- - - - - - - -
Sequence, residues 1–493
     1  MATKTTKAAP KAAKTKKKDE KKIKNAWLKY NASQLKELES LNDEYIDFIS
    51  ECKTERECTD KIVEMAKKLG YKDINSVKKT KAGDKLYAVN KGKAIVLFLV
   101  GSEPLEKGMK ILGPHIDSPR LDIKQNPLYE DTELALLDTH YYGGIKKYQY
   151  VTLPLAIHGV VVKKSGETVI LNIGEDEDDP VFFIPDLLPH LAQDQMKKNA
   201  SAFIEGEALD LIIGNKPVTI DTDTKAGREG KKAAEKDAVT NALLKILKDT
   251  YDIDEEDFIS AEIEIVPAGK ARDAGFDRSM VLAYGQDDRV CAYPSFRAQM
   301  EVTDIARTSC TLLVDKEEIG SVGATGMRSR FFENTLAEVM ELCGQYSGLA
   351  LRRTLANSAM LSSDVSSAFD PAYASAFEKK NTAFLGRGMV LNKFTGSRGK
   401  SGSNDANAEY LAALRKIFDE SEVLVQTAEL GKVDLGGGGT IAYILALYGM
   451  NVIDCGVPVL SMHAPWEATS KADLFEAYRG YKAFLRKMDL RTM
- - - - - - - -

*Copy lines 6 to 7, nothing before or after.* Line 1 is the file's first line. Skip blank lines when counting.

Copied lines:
   201  SAFIEGEALD LIIGNKPVTI DTDTKAGREG KKAAEKDAVT NALLKILKDT
   251  YDIDEEDFIS AEIEIVPAGK ARDAGFDRSM VLAYGQDDRV CAYPSFRAQM